Covid-19 is not Birmingham’s first epidemic. For a little historical perspective, and some information on how Birmingham coped in the past, please read our current newsletter! It includes memories of those who experienced the Spanish Flu of 1918.
This Facebook video created by Lisa Jones of Jefferson County – Alabama Extension – shares details surrounding the beginning and evolution of Grandmother’s Garden at Birmingham Historical Society’s headquarters at Sloss Quarters. Narrated in part by BHS Director, Marjorie White, the video also pays tribute to retiring longtime Urban Regional Jefferson County extension agent, Sallie Lee, as well as master gardener volunteers who have helped plant and maintain the garden since its beginnings fifteen years ago.
The research volunteers at Birmingham Historical Society are committed to providing education not only about Birmingham’s history, but generic information that’s useful to everyone. So BHS was delighted to hear from a youth services librarian and educator atG.A.T.E. DENVER CHILDREN’S COALITION who was able to use our online resources and educational programs for a virtual beginner research class over the past several months.
In return, she provided us with a helpful link her students had also been using entitled GUIDE TO RESEARCHING THE HISTORY OF A HOUSE which is helpful to anyone who has an interest in learning about family history or their home. Thank you to the students of G.A.T.E. for providing us with this link that has now been added to our list of resources!
And thank you for sharing your mission statement, “Learning doesn’t begin and end at the classroom door. The world is a classroom.” You are on your way to becoming lifelong researchers!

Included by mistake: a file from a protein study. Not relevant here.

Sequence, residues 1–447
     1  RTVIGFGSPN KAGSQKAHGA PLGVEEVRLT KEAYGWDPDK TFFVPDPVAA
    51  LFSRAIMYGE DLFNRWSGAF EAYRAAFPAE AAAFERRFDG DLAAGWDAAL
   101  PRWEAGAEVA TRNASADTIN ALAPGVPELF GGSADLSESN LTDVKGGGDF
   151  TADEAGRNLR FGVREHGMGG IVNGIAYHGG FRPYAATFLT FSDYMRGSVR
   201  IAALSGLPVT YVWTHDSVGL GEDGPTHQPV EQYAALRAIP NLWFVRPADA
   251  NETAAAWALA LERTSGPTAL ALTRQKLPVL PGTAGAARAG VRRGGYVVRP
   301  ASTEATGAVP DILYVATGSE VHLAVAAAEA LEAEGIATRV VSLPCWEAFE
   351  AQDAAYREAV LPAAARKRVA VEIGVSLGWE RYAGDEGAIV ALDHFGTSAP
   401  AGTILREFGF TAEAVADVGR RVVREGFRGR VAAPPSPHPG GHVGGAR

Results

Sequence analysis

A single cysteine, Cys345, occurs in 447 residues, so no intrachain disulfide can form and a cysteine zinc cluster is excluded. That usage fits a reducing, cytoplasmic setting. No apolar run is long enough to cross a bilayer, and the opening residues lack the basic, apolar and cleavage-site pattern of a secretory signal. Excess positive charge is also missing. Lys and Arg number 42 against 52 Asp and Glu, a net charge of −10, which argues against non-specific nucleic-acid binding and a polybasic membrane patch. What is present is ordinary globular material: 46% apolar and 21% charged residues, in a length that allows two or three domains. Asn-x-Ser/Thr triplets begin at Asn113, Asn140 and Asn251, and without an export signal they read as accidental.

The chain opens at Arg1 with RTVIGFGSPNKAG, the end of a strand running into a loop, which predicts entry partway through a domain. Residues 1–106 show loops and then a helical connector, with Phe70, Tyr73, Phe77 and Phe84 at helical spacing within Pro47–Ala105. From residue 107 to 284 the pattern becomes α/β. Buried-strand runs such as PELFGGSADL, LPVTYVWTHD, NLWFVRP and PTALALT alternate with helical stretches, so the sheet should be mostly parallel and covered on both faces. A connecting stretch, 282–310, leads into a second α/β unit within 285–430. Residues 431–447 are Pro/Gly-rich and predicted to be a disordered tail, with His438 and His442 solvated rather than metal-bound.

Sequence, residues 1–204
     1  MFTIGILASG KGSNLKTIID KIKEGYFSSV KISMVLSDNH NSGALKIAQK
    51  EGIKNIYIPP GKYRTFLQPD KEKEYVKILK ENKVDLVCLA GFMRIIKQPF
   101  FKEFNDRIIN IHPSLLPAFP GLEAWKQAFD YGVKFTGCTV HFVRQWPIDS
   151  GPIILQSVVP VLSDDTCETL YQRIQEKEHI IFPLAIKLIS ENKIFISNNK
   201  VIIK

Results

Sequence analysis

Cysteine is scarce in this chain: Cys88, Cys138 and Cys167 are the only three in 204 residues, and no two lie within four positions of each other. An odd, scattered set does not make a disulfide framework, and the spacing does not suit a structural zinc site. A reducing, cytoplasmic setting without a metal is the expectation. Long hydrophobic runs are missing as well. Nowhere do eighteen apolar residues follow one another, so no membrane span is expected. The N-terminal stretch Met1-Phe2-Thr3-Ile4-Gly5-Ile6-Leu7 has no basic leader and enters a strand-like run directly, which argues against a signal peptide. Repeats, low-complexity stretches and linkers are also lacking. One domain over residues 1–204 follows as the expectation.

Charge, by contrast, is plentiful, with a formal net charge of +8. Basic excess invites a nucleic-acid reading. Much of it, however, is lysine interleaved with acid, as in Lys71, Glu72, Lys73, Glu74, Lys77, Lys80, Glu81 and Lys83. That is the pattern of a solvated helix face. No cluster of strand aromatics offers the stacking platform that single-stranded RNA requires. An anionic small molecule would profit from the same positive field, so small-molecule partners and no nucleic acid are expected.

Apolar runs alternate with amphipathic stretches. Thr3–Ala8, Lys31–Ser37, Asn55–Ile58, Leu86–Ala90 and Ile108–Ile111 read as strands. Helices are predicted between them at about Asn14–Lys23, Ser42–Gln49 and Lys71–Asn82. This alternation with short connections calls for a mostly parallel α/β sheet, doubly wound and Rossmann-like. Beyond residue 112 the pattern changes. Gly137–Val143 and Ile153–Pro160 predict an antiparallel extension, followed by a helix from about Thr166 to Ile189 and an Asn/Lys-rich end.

Long time residents of Birmingham know that the Altamont ridge has one of the best views in the city, a forested overlook perched 400 feet above Jones Valley.
But did you know that Boston architect, George H. Miller, originally created a plan for the Altamont ridge in 1911, specifically providing for both public and private forested views? In fact, the guiding principal, reiterated in an interview by City Forester Hugh Sloss in 1931, was that:
“Altamont Park was intended to remain a natural, forested green space, enhanced only by selective cleaning and pruning. It was conceived as a neighborhood park, whereas Altamont Road, one link in an imagined longer parkway, was meant for the enjoyment of all of Birmingham’s citizens and visitors. Furthermore, preserving as much vegetation as possible on the north face of Red Mountain allows the City of Birmingham to retain its most notable and defining natural feature.”
The annual BHS cake/pie competition was a huge success with eighteen entries and just one more cake than there were pies. Oh my! It was hard to choose! There were pound cakes, there were tea cakes, chocolate, caramel, and even a büche de noel. The stories behind them were as good as the cakes! But the clear winner was Don Sweeney’s “Friendship Cake” – a cake which takes 50 days to make – and which was first presented during the Civil Rights Era and over 200 times since then, personally baked by Don himself!
According to Carolanne,
“It was introduced to his family by Gertrude who had worked with the family for years before requesting “time off” to go participate in the Civil Rights Movement in Birmingham—she became known as the Rosa Parks of Rosedale for her mighty works. Don Sweeney’s dad had assured Gertrude that her job would await her and, in gratitude, she made this cake for the family. She must’ve also shared the recipe because Don has made it more than 200 times over the years since. It begins with a starter of fruits, sugar, and brandy which (I believe) must be tended to daily for about 3 weeks..then come other steps before the final baking. It was picture perfect in presentation—and wow’d the judge before he even knew about the process or the backstory.”